*WARNING: This is a very long post*
As a person battling depression, hearing the news about Robin Williams hit me particularly hard. I’m 28 years old so I was lucky enough to experience Robin through Mork and Mindy re-runs, before he became immensely popular in the 90s and grew into a legend. Robin Williams will always mean a lot to me and a lot of people not only because of his wonderful, one of a kind talent, but also because of his fighting spirit against depression and addiction to narcotics. He tried to self-medicate with hard drugs which made things worse for him in the long run.
Apparently he killed himself, and I’ve already seen negativity based on that alleged fact. The man was 63 years old and had been through a hell of a lot and his heart seemed to finally say, enough.
This is the issue I have though, because as I sit here, hurt and upset, I’m more frustrated than anything. I’m sick of seeing people with so much potential, realised or underdeveloped, have their light extinguished way before their time.
It’s taken me a long time to realise that the majority of what we’re told about self-worth is wrong. I don’t believe it’s something we have to build up to-WE WERE BORN GOOD ENOUGH. We are all born good enough, and what is happening is that the self-worth we were born with gets chipped away. We constantly compare ourselves to other people, as if by looking at their lives on TV or Facebook is the full picture. The amount of rich and outwardly beautiful people who have committed suicide should tell us that’s all a fallacy! But we still do it, we let the intense glare of a person sitting across from us on a train ruin our whole day, when we had no idea what we they were really thinking about. It might not have been about us at all. We let comments that people make, who barely think about what they say, weigh on our minds the whole day, week or even month. We dissect what they said and add extra meaning to it. We create scenarios that never occurred.
As a person living with depression, I’m acutely aware of how it changes your mindset. For some people, depression feels normal. It’s happiness that feels temporary, and when things are no longer wonderful, somehow a little bit of our heart or soul or whatever you want to call it is chipped away. People with depression usually tend to live in what Stevie Wonder called, a ‘Pastime Paradise’, we stay reminiscing about when things were good; the familiar theme song of a TV show, the smell of a particular cake you liked or the sound of a jump rope hitting the ground can transport you back to a time where you thought you had no worries. And then, you come to realisation that it’s not real, it’s not tangible. What is here and now is only you.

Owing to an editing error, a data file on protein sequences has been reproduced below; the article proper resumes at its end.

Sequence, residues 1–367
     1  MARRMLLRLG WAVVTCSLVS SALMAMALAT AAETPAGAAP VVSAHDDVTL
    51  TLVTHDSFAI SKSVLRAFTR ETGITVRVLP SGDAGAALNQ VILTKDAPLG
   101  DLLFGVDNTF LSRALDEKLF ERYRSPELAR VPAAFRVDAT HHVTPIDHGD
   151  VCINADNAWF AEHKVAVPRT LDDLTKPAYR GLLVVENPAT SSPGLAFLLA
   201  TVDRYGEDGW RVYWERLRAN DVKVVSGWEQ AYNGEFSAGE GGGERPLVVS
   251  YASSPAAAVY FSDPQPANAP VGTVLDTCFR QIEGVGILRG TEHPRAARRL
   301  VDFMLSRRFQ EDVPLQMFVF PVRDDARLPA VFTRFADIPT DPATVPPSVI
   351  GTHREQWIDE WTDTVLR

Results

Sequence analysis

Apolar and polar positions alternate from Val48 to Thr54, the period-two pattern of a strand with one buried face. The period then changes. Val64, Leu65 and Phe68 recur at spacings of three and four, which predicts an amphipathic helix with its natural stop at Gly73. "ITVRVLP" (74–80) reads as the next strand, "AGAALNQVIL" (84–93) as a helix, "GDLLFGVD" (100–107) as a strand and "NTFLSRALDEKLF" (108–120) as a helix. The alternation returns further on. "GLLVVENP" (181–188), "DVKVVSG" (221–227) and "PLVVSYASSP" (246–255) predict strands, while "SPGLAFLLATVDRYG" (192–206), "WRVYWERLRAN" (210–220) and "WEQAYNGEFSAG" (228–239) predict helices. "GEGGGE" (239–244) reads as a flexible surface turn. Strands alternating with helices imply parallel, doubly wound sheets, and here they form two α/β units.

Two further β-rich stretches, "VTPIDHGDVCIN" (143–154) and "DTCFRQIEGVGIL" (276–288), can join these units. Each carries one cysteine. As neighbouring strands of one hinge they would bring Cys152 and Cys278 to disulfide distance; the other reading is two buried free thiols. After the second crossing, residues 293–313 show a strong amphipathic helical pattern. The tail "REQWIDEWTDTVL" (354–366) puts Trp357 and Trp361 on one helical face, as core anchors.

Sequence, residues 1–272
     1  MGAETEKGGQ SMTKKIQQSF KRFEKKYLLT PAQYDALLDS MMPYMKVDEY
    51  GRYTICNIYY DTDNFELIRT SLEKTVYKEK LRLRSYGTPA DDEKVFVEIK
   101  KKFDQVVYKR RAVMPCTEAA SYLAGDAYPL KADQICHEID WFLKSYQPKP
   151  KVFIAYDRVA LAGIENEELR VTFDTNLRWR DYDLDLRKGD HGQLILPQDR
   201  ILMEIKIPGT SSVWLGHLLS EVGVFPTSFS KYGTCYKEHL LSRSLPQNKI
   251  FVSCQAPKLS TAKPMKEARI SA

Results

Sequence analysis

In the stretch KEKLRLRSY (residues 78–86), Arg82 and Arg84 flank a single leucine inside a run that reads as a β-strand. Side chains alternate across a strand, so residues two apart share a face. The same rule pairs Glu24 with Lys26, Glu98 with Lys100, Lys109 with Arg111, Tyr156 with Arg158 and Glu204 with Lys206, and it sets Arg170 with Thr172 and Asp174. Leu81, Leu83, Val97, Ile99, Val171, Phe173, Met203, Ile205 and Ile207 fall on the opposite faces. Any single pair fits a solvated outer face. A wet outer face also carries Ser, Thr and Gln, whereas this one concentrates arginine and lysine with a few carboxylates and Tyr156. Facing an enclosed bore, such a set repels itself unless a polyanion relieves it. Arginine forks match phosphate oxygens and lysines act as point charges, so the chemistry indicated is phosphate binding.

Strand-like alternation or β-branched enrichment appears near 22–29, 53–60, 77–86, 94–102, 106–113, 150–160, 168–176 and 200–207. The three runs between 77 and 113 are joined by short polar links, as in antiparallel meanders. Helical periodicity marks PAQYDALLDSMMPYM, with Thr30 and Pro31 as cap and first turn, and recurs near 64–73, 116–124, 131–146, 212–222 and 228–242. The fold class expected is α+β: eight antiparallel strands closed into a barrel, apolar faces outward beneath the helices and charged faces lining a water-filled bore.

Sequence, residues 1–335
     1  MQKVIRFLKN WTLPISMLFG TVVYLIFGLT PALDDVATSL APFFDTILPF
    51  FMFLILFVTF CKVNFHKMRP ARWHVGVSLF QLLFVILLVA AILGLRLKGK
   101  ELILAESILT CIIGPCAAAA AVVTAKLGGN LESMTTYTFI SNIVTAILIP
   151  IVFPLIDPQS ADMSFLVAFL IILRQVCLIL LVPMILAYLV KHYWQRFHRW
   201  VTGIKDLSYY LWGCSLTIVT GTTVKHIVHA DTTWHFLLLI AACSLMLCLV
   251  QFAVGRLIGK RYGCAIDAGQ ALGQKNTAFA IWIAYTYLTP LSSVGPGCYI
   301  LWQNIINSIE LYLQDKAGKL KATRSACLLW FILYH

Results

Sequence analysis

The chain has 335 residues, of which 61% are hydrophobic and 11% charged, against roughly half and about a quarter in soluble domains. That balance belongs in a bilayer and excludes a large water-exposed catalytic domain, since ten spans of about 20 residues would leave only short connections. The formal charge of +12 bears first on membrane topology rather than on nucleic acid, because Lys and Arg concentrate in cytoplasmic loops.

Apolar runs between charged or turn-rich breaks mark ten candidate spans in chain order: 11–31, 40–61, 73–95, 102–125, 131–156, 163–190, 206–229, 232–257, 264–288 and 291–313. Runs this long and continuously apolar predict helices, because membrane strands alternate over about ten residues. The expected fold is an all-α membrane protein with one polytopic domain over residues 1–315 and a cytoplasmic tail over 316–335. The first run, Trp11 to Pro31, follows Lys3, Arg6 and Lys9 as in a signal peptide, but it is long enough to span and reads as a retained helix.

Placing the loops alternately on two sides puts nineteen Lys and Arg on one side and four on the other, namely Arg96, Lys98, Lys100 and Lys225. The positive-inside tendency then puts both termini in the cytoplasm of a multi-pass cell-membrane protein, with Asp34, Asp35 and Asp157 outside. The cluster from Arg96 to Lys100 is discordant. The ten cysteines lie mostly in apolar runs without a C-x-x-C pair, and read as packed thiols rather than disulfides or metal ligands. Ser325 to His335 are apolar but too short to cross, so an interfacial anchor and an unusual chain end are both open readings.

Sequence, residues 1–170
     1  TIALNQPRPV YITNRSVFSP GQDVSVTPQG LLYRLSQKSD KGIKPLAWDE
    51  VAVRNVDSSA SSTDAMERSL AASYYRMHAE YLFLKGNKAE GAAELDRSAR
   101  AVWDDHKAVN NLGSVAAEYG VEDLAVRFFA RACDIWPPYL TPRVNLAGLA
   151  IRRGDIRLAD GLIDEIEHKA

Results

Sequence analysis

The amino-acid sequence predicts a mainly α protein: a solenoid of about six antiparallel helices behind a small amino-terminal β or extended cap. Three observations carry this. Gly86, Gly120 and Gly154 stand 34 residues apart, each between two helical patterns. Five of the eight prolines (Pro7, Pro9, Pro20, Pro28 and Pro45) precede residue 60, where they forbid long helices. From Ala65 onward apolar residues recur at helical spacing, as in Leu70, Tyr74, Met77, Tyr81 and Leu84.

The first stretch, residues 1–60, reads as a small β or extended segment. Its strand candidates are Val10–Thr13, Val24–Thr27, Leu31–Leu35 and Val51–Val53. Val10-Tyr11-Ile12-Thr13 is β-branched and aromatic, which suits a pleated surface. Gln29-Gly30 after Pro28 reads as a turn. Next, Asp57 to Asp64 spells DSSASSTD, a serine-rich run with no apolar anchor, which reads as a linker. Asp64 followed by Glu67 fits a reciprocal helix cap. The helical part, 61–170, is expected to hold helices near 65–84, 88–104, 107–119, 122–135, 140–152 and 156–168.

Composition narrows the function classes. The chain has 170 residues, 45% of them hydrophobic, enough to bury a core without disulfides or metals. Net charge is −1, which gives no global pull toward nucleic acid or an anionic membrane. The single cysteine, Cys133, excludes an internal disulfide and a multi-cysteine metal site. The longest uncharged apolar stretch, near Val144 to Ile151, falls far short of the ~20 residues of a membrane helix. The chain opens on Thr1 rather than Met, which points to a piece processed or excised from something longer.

And you look in the mirror and wonder who the hell you’re looking at. You wonder why you didn’t hit the goals you set for yourself, however realistic they might or might not have been. You wake up in the morning and put on your best clothes to go to school or work, you have a spring in your step and you think you look great.
Until you catch a glimpse of other people, people who in your opinion, look better than you. People who you think you should look like. Then, the next time you look in the mirror, you no longer like what you see, instead all you see are faults, things to pick at. It gets so bad that when people compliment you, you think they are trying to patronise you, or worse, they are trying to sabotage you.
I used to suffer from agoraphobia, and after my uncle died, I refused to leave the house. Instead, I stayed in front of my computer and read nothing but the news. All I saw was people dying, people getting raped and people suffering from institutionalised racism and it made me want to stay inside even more.
It actually took me taking up a language to make me want to leave the house again. Because for the first time in a long time, I felt useful again. A lot of us folks living with depression have the issue with feeling useless, and feeling like a burden. It’s one of the most common reasons why such folk choose to take their own lives, because they feel like they are actually doing the world a favour.
To anyone suffering from depression and feeling suicidal, do me a favour and listen to me:
You were born with a light inside you and you were meant to be great. Great as in whatever you’re gifted with (and we all have gifts, trust me) you were meant to be able to use it to do SOMETHING. Don’t let a person who has snuffed out their light get close enough to you to put your light out. The day your father’s sperm hit your mother’s egg, you were good enough. You have NOTHING to prove to anyone. Do whatever you want, for yourself.
May Robin Williams rest in peace and may his family get all the peace they deserve.